And finally, The Living-With-It Life – And what is there to say, really? That’s just what you do. Live with it. I watch my friends and family tick the time away by crushing life’s milestones. 

Married: CHECK! 

House: CHECK! 

Babies: CHEK! 

First steps, first birthdays. 

School and summer vacations. 

Every moment of the year, season, future, accounted for. Although, I know that their lives are unpredictable, there is a  framework for them – the familied, the parentals. It’s a frame that doesn’t fit around my amorphous childless/free life. 

There’s no roadmap for un-married, childless/free women. Just a long stretch of highway. 

I’ve wasted a lot of energy fretting over my poor usage of all the free time. Afraid that I’m letting the moments slip away, unnoticed. Lots of TV watched. So much social media scrolled. Long, aimless walks. Naps. (A lot of naps.)

But at the end of all of it, there is a relentless freedom. One that pulls me toward my passions, and creates space for my loved ones. I can be counted on to be present. Because where else am I gonna be? 

So what do I want to do with my ONE wild and precious life? I dunno.

There’s another quote from that beautiful poem that resonates so much deeper for me:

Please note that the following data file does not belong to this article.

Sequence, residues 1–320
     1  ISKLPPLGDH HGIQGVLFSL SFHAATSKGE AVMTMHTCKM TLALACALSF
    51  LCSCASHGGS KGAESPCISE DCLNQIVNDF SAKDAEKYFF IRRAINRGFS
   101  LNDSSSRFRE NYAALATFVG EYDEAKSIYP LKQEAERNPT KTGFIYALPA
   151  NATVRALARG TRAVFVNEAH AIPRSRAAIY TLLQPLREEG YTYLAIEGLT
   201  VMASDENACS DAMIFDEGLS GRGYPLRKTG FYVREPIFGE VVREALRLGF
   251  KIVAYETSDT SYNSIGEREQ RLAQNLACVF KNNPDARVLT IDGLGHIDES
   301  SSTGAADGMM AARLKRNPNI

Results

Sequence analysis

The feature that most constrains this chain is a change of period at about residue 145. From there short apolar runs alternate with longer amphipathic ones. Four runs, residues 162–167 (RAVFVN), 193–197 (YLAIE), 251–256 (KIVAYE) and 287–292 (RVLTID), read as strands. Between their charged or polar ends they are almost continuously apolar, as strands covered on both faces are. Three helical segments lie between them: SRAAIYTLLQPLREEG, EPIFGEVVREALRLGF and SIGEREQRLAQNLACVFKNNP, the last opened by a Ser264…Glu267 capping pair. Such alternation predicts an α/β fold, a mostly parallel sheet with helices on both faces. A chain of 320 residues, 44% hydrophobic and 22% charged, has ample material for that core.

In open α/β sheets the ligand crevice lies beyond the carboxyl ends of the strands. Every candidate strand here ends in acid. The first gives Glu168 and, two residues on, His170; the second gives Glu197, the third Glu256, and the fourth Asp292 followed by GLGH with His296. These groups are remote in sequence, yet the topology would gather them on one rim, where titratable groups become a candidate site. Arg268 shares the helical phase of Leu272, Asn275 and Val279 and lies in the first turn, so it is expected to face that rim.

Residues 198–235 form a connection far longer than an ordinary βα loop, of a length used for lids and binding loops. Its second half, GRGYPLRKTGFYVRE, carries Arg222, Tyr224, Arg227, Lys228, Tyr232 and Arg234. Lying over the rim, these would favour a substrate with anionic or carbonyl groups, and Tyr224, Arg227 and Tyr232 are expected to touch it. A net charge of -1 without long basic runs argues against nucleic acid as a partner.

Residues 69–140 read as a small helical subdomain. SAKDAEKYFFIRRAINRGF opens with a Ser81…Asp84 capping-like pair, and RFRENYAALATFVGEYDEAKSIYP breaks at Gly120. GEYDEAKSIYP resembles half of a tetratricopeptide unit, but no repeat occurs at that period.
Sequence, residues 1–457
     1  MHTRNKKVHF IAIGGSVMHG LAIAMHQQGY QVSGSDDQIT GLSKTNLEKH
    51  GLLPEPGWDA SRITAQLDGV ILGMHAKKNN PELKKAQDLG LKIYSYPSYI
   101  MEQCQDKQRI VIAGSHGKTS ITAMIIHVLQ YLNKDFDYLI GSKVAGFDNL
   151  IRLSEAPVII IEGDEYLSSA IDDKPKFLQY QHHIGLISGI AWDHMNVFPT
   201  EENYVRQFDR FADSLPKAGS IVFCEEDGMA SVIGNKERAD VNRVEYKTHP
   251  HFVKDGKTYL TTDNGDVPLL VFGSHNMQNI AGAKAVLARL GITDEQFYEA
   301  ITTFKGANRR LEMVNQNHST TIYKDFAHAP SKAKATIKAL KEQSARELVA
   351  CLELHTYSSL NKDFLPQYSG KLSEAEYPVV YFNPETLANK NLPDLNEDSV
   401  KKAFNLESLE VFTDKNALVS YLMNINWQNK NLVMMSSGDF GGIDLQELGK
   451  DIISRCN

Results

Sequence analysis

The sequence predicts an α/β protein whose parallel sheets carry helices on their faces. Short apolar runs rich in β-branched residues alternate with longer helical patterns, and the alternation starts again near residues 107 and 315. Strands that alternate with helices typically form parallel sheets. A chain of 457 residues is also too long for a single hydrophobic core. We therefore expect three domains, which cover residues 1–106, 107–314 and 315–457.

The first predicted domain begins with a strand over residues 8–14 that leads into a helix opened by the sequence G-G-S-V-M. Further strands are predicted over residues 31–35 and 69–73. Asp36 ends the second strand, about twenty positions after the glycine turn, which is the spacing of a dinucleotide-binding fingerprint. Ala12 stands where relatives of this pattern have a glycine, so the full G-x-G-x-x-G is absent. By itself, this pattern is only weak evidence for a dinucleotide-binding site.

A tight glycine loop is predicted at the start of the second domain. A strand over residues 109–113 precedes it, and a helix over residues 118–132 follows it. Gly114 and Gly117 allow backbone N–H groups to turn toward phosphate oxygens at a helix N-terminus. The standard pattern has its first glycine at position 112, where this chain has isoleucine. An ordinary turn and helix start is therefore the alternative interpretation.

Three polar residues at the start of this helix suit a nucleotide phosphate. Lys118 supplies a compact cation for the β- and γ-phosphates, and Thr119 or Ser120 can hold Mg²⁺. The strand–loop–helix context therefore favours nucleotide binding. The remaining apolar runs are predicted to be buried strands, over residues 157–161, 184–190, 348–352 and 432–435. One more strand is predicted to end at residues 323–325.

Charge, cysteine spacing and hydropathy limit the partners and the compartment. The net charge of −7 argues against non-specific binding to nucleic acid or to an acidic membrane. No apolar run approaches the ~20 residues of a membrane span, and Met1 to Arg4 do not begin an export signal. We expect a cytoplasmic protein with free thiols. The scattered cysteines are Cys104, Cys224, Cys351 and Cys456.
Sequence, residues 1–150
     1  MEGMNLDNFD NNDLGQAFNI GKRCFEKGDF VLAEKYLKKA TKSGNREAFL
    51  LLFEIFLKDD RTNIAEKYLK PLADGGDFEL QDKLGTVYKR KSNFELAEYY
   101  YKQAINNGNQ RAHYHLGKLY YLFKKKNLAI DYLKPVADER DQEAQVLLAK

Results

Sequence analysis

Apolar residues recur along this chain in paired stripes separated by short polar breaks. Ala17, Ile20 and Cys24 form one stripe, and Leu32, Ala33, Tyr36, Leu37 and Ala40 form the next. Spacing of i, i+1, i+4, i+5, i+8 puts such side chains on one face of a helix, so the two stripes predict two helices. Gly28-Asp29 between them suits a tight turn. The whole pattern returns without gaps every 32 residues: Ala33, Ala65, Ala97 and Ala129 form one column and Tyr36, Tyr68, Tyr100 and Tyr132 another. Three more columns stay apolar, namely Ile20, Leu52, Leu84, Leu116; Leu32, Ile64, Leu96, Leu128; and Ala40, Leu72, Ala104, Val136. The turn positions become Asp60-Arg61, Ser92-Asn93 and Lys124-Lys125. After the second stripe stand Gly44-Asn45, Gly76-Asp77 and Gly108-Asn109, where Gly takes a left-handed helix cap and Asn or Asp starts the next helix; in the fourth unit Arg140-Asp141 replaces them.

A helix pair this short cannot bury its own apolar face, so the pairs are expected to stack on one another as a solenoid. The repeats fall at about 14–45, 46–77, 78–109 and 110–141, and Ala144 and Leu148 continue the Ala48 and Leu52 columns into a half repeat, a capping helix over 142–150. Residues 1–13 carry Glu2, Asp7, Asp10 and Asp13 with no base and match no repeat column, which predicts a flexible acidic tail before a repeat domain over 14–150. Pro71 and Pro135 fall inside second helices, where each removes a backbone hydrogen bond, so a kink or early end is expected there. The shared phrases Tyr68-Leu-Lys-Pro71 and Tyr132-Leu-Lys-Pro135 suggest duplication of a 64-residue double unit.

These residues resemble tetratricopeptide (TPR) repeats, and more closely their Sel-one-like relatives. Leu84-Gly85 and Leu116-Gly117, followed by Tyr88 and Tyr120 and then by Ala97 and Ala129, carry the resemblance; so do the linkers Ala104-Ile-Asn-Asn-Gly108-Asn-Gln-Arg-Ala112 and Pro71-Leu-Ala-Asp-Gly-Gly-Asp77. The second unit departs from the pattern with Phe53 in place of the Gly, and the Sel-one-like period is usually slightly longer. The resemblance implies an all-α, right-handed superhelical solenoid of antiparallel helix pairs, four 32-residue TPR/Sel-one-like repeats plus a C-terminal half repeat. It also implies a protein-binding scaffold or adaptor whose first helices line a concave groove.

“I do know how to pay attention, how to fall down

into the grass, how to kneel down in the grass,

how to be idle and blessed, how to stroll through the fields,

which is what I have been doing all day.

Tell me, what else should I have done?

 

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Xx

Kadi 

Illustration by: Lizzie – www.lizzyartworkshop.com

 

I am woman hear me ROAR

Femininity, I can’t say the word let alone spell it, the m’s n’s get me in a muddle and so often I avoid using the word altogether. My dyslexia makes it hard to say and to spell but there are other reasons I have in the past not felt an affinity to the word.

I have felt removed, detached like it was not a word that described anything I could recognise or feel.